However, as an economics expert, I have to say what no one else wants to: High gas prices can also have huge long-term benefits. In fact, I have publicly called for the institution of a carbon tax because I believe it is the most significant and powerful tool for changing behavior, conserving energy, and protecting the environment, including weaning ourselves off our dependence on foreign oil. Just as importantly, we need to ensure that the revenues from the carbon tax go directly back to the taxpayers in the form of an income tax cut.
We must also increase funding for the development and distribution of alternative fuels made from products here at home. Illinois is blessed with natural resources, including abundant corn and soy fields. Their potential use as fuel has only just begun to be unlocked. Wind, solar, and hydro power are also underutilized in this county and we must build the infrastructure to bring these forms of energy to our entire population.
Is there anything that can be done to make health care more accessible and affordable in Illinois? If so, what would you do?
I believe that the richest nation in the history of civilization ought to be able to provide health care to all of its citizens. Our current system has also become a source of anxiety for middle class families who fear losing their benefits when they lose a job. The American health care system is also a huge fiscal burden for small businesses and a threat to the competitiveness of large corporations whose international competitors do not have to pay large health care costs for their workers.
I support health care reform that incorporates all of the following:
• Universal coverage for all Americans, built upon the current employer-based system.
• Mandatory insurance coverage for those who can afford it.
• Government subsidies to enable low-income individuals to buy insurance coverage.
• Better data collection to evaluate the cost-effectiveness of different procedures.
• A cost-containment mechanism that limits reimbursement for the provision of care that is not cost-effective.
• Health care portability as we work towards universal coverage.
I would prefer a plan that is based on the current employer-based system, but would also support a single-payer system if there was a politically-feasible proposal pending in the House of Representatives.
Please state your general views about the war in Iraq.
I support President Obama's plan to withdraw our troops gradually over the next two years. However, the withdrawal should not have a specific timetable, as it would be a mistake to withdraw precipitously in a way that further destabilizes the country and the region. We should not compound our error of going into the country unwisely by withdrawing unwisely.
What are your thoughts on how to deal with illegal immigration? Also, what do you think should be done about illegal immigrants who are already here in the U.S.?
I believe in the value of a diverse and inclusive nation. To that end, I support a comprehensive immigration bill that includes both border enforcement and a path to citizenship for undocumented individuals who currently reside in the United States. I would also support increasing the number of visas granted to family members of U.S. citizens and permanent U.S. residents. Similarly, I support an increase in the number of HB-1 visas (those issued to highly-skilled foreign workers), in order to strengthen our workforce and move our economy forward.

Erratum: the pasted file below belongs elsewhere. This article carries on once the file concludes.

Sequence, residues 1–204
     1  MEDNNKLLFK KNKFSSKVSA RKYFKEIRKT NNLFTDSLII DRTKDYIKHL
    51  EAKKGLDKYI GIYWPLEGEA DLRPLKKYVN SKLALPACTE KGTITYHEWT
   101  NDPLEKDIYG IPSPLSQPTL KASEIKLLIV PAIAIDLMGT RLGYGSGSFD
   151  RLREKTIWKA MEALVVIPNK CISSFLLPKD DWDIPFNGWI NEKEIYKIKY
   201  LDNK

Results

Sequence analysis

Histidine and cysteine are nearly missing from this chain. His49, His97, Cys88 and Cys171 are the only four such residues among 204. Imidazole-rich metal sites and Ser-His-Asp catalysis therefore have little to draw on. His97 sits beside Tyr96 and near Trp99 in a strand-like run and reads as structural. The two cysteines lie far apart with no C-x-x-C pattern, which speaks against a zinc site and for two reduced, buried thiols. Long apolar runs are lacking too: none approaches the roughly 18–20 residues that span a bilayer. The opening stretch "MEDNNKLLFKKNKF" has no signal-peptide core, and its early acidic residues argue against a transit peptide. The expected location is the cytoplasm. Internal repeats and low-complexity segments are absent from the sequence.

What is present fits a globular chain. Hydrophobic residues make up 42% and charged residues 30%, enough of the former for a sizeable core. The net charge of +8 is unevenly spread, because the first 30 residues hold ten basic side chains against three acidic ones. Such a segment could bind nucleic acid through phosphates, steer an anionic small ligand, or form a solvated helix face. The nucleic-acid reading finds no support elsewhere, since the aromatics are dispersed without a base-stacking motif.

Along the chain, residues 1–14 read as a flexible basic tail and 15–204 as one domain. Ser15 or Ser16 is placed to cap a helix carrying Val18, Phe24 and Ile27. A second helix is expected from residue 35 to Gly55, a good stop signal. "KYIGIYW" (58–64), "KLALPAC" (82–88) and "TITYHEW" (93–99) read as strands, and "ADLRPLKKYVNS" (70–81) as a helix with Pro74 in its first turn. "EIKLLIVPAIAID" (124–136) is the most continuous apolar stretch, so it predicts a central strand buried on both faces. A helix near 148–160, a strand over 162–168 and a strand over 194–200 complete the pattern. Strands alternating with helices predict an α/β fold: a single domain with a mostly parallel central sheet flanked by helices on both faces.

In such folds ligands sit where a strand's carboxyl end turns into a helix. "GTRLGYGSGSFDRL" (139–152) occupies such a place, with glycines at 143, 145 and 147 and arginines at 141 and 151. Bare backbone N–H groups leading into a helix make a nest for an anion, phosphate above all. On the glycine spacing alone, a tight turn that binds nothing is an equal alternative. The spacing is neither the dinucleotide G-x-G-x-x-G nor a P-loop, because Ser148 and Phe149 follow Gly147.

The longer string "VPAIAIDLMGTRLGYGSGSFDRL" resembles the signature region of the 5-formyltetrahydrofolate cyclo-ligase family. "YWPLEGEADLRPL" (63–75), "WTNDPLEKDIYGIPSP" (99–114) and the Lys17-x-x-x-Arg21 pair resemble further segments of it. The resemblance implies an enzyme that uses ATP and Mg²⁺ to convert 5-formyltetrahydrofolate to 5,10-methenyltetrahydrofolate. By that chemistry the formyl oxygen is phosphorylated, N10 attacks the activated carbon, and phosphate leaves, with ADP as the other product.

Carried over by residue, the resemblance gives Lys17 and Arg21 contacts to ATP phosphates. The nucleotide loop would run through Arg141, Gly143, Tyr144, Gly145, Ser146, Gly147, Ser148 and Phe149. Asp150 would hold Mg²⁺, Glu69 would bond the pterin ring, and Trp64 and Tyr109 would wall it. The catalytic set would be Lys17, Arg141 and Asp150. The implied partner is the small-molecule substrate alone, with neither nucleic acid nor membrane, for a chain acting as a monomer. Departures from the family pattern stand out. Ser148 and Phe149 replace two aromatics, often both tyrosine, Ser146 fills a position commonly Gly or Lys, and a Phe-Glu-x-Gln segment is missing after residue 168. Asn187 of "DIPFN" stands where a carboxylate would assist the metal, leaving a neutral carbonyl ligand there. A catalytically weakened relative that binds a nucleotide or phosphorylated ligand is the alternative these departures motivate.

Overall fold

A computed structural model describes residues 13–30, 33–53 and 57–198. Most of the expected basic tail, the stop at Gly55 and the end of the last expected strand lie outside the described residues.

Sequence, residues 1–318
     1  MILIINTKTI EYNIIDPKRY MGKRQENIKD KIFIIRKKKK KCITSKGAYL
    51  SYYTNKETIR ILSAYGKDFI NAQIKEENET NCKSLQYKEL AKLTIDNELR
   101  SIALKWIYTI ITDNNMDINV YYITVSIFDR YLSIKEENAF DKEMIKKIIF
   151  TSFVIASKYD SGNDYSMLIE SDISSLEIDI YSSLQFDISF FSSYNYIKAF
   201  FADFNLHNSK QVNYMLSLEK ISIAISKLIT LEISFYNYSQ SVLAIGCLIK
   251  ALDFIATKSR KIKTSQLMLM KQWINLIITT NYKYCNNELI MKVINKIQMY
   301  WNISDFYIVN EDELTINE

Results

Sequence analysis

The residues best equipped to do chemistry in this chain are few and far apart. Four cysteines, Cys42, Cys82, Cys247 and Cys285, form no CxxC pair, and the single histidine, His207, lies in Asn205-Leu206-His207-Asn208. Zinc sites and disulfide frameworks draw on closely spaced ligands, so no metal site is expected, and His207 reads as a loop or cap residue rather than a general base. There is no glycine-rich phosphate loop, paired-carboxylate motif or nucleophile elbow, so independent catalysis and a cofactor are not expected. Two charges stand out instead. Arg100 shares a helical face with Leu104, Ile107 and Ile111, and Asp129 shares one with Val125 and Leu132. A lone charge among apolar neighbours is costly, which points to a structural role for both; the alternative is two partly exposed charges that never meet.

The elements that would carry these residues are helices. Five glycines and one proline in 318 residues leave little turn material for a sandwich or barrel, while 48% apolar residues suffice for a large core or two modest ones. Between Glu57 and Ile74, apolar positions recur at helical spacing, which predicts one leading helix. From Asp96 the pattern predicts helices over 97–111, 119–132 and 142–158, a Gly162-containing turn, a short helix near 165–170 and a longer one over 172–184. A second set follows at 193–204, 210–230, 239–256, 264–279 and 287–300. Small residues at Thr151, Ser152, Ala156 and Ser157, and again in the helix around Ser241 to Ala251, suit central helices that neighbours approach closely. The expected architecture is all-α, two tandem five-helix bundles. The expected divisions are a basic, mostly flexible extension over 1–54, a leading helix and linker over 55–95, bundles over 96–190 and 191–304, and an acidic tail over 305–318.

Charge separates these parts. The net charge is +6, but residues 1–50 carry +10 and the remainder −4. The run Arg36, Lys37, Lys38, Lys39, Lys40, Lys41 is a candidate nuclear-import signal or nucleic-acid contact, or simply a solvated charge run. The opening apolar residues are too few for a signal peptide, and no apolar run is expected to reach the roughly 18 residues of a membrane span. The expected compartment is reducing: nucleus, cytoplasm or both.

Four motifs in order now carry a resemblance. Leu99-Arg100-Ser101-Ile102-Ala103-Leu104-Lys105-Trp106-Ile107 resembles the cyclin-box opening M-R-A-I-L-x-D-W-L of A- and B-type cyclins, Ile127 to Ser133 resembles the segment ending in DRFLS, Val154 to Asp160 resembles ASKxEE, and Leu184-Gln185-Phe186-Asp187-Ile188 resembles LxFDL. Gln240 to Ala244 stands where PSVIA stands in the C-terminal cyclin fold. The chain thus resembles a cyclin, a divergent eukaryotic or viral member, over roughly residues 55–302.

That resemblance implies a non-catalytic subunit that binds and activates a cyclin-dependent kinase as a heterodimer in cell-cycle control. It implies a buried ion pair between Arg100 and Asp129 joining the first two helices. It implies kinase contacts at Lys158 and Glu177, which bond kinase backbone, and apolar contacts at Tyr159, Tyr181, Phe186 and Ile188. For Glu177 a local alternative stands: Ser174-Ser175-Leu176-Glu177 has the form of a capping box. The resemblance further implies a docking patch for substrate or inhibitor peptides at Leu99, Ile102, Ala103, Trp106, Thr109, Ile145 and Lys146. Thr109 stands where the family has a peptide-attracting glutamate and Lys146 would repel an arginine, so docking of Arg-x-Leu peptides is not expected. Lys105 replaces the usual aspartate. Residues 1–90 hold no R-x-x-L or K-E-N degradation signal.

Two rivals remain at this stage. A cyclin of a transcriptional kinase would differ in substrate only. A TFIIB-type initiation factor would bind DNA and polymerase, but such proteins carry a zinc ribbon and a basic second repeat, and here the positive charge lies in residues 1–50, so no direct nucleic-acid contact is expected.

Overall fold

What ideas do you have for improving our education system and for making our colleges and universities more affordable?
I believe that education is the single most important long-term issue facing our nation. Our collective skills determine our productivity, which in turn determines our wages and standard of living. The United States needs a systematic strategy for upgrading our "human capital" that stretches from early childhood education all the way to effective job training for unemployed adults. Increasing the college graduate rate (and other kinds of advanced training) as well as funding for college preparation and access, must be a priority. Better access to funding for college is an important part of that strategy.
However, it is important to recognize that money is only one barrier that keeps students out of college. Many are not prepared to do the work. Others drop out of high school or do not have college aspirations. Ironically, the best long-term approach to improving access to college would be expanded access to early childhood education, particularly for children from disadvantaged families. Research overwhelmingly supports the cost effectiveness of such programs. They change the trajectory of the students involved and make college a realistic option 14 years later.
What are your highest priorities for protecting the environment in Illinois?
Investing in public transit is probably the single most important thing we can do for Illinois' environment. These investments in public transit have a ripple effect across many other areas of environmental policy. A well-designed public transit system can cut down on congestion, improve air quality, reduce carbon output and help preserve green spaces.
I know what it takes to make things happen in the world of transit. I worked for several years as a Policy Director for Chicago Metropolis 2020, a regional organization that has worked aggressively to promote transit and smart development. During my time there, we published a report on the region that has become the blueprint for regional growth in metropolitan Chicago. It called for integrated land use and transportation planning, the development of regional cities, expansion of high speed rail, and placing affordable housing closer to jobs.